I've screamed to the Pacific Ocean when I was in Santa Monica, "PLEASE! Turn off the sound inside my head!" I don't know if people thought I was crazy, but I sure felt better afterward.
My crushed skull also severed a tear duct, and tears stopped falling from my left eye. I felt like a freak, making everyone around me feel awkward and uncertain how to deal with me.
"Terry, you look like a freak when you cry. Why do you just cry out of one eye?" people would ask. My tears of pain would turn into laughter when I did the two-sided face routine. I would look normal on one side, with clear white eyes, yet I would be red-eyed and crying on the other.
Many difficult changes have come from my injury. I think of the positive memories and the people who love me to help keep me from hurting myself or sometimes having a seizure. Once I was standing in line at a grocery store and could feel a seizure coming on. Having been taken away in an ambulance before, I didn't want the public embarrassment again. I concentrated as hard as I could on a time when I was a boy waiting at the front door of my house for my father to drive down the street. I had not started kindergarten, so I was probably about three or four years old. When I saw him get out of the car, I jumped up and down as if God had come home. I ran to him as fast as my little legs would carry me.
"Daddy! Daddy! Daddy!" I shouted with no limitations. I jumped into his strong and safe arms. This single scene, one of few that I have of my father, repeated in my mind, calmed me, and stopped the seizure.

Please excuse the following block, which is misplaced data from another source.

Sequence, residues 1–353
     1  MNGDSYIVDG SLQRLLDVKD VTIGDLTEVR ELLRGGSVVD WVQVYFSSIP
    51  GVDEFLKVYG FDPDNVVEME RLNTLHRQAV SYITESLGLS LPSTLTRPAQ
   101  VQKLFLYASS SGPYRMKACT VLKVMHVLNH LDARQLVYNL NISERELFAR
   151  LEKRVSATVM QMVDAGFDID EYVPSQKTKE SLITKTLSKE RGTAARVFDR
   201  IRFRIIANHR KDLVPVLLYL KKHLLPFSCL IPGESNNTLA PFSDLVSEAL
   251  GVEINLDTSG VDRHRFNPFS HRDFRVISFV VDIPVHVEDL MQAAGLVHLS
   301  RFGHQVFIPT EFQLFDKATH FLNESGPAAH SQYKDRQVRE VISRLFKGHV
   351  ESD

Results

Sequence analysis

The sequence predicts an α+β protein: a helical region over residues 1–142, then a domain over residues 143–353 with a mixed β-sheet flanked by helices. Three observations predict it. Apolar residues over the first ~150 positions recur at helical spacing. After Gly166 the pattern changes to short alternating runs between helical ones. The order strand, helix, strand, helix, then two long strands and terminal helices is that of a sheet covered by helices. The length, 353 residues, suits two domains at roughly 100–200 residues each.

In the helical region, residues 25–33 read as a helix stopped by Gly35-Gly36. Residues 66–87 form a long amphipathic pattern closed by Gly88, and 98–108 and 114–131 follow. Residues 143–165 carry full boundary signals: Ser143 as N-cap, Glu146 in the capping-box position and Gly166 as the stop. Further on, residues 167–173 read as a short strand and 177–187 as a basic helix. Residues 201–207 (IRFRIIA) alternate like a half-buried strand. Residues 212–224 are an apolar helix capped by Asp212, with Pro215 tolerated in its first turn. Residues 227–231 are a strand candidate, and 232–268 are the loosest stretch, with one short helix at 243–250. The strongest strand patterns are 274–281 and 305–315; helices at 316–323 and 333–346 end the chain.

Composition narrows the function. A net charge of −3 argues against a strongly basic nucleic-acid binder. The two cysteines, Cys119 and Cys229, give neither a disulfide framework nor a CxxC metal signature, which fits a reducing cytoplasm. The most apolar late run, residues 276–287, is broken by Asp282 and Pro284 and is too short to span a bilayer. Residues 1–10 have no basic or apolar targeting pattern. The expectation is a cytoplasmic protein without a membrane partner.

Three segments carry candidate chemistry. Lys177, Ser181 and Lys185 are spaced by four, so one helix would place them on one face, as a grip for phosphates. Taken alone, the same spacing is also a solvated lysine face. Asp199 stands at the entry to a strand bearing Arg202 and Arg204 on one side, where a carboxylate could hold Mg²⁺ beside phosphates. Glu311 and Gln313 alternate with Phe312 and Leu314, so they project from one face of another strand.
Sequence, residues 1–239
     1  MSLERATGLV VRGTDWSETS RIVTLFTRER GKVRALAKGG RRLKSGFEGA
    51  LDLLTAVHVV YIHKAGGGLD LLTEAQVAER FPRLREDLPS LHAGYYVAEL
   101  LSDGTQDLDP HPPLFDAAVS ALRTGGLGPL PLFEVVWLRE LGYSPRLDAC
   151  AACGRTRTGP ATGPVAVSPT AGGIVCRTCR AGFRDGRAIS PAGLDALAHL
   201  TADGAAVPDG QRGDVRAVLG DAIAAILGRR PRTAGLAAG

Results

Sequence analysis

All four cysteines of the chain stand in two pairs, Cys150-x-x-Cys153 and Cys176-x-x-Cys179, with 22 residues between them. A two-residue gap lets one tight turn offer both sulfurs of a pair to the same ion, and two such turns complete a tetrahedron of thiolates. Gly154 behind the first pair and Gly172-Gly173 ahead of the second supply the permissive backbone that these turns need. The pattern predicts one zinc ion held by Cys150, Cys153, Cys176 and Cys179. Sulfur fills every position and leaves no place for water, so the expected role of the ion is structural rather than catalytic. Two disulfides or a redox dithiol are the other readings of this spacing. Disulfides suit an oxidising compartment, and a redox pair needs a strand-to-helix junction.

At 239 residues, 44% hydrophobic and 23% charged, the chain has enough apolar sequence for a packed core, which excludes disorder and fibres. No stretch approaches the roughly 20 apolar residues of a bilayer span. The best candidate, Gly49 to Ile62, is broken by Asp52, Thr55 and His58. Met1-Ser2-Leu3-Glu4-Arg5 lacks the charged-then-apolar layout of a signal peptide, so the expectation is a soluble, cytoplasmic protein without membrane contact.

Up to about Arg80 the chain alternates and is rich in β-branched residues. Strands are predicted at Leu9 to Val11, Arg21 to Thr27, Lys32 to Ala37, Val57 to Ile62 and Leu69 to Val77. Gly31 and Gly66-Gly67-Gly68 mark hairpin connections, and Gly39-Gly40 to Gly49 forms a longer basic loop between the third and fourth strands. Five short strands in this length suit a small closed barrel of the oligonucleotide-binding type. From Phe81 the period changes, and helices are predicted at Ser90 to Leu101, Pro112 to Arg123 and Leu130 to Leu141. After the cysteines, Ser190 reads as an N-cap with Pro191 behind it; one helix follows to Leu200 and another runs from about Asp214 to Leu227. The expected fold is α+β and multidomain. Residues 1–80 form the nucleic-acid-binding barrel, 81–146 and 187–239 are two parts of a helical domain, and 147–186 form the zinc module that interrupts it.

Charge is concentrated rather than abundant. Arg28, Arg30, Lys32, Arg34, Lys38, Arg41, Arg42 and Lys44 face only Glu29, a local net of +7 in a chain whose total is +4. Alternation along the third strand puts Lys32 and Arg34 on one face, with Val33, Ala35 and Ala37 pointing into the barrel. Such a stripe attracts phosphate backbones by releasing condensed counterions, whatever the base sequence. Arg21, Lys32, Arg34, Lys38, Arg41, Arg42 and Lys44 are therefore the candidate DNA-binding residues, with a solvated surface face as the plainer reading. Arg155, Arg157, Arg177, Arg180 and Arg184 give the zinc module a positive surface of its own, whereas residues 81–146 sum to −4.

* * *
Rain has been falling almost every day this summer. Trae, who is eight, didn't get to skateboard as much as he would have liked. I, too, missed videotaping his rides in Boone Park. He lives in Los Angeles with his mother during the school year and with me in Florida during the summer.
At the beginning of the summer, he needed me to run alongside him, pushing and holding him on the board. By the end of the summer, considering how frequently inclement weather prevented his practice, he became pretty good. After he learned how to balance and guide himself, he wanted to skateboard on his own. He said, "Let go, Daddy. I can do it now!"
His attitude was like the head injury recovery process.
Over the past nineteen years, the more I've learned to do for myself, the more independent I've felt. Each little step is positive progress.
As time passed after my surgery, I grew stronger. My first steps were with the aid of two nurses. I didn't like it, though, that people talked to me as if I were a child.
"Terry, don't try to walk so fast. There's no hurry," my mother said.
My mother's choice of words wasn't the problem. It was her tone that made me want to jump out of my skin. After seeing the x-rays of my head, I understood why everyone was so alarmed about me. I also grew to understand why blood still drained from my left ear. The remaining blood from my brain was evacuating. I was amazed, and I felt fortunate to be alive after seeing what I called an intense electrical storm on the x-rays.
On the x-rays, it seemed a billion bolts of lightening streaked across my skull. A large square was sawed out of my skull and was in the center of this lightning storm. A round hole about the size of a quarter was at each corner of the square. The square marked the area where the neurosurgeons worked diligently to stop the bleeding. The round holes accommodated the swelling of the brain when my skull was stapled back together after surgery. A portion of my brain was removed.
The holes in my skull remain there. Sometimes, I feel my brain throbbing against the holes as though it's trying to escape from my head. My skull feels as though it will explode at times from the pressure. I can hear the crackling sound of the bone.
Excerpted from Surviving Head Trauma by Terry Smith Copyright © 2009 by Terry Smith. Excerpted by permission.